Gumby Goes to the White House

 

Gumby Goes to the White House

Tuesday, March 1st, 2011 - 16:02
Tuesday, March 1, 2011 - 14:57
President Obama signed a memo to all agency heads yesterday with an unwieldy title: “Administrative Flexibility, Lower Costs, and Better Results for State, Local, and Tribal Governments." But it contains the seeds of a potential shift in how the federal government works, if implemented smartly.

Over the years, presidents have directed agencies to streamline their administrative requirements and work together on behalf of citizens.  The last major effort was in the Clinton Administration, which met with mixed success.  President Obama has declared he will try again:  “I believe that working together, State, local, and tribal governments and Federal agencies can distinguish between rules and requirements that support important goals . . . .from rules and requirements that are excessively burdensome or may not serve their intended purpose.”

President Obama signed an executive order in January calling for “careful analysis of regulations” and “analysis of existing significant rules. . . .”  That executive order was touted as streamlining regulations affecting the private sector, but this new memo to agency heads notes that that executive order also applies to rules “involving and affecting State, local, and tribal governments.”

President Obama loftily declares:

 “. . . through smarter government we can do even more to improve outcomes and lower costs for the American taxpayer,” and notes “the array of rules and requirements imposed by various Federal programs and agencies may at times undermine their efforts to modernize and integrate program delivery. . . ”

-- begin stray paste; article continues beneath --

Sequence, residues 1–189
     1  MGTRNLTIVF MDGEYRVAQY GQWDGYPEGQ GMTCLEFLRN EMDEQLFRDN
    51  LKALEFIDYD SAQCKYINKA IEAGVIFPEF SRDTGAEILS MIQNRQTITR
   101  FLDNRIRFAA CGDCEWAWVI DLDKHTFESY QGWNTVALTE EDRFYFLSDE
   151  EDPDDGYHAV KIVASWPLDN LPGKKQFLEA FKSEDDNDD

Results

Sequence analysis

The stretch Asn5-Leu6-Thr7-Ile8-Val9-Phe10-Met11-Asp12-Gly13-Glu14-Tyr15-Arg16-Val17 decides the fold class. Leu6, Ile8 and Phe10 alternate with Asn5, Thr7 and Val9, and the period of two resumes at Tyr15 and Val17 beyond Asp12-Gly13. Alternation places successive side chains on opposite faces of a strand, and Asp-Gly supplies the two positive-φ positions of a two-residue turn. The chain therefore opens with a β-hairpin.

. . . especially when they are not aligned and not synchronized across programs and across agencies.

What OMB Will Do

  • Provide written guidance to agencies on implementing this memo in 60 days (April 29).
  • Review and revise existing OMB guidance on cost principles, burden minimization, and audits for states, localities, and tribes that impose “unnecessary, unduly burdensome, duplicative, or low-priority recordkeeping requirements.”
  • With agencies administering overlapping programs, develop “efficient, low-cost mechanisms for collecting and reporting data that can support multiple programs and agencies.”
  • “Facilitate cost-efficient modernization of State, local, and tribal information systems . . .”

What Agency Heads Will Do

  • Take actions within 180 days (August 26) to “identify regulatory and administrative requirements that can be streamlined, reduced, or eliminated. . . “
  • Work with states, localities, and tribes “to identify the best opportunities to realize efficiency, promote program integrity, and improve program outcomes . . .”
  • Establish plans to “consolidate or streamline processes . . . to promote the same or better outcomes at lower cost. . . “
  • “Identify areas where cross-agency collaboration would further reduce administrative and regulatory barriers and improve outcomes.”

Will This Work?

This may be more difficult to do than reorganizing the government, which President Obama committed to doing in his State of the Union address! 

Similar efforts were attempted by Vice President Al Gore’s Reinventing Government initiative, and the Community Empowerment Board.  Few agencies came forth on their own with streamlining proposals and most proposals for “barrier busting” that were highlighted by states and localities were rejected by the agencies as infeasible or unnecessary.

The value of doing this, though, is that oftentimes there are myths about what is or is not required, and where barriers are more perceived than real.  There are cases where there are disconnects but resolving them will likely require a senior-level cross-agency “barrier busting” board that can moderate resolution of the identified problems, possibly by giving it authority to waive agency rules and propose statutory revisions to be fast-tracked in Congress.

 

Graphic credit:  Cartoon Photo Collection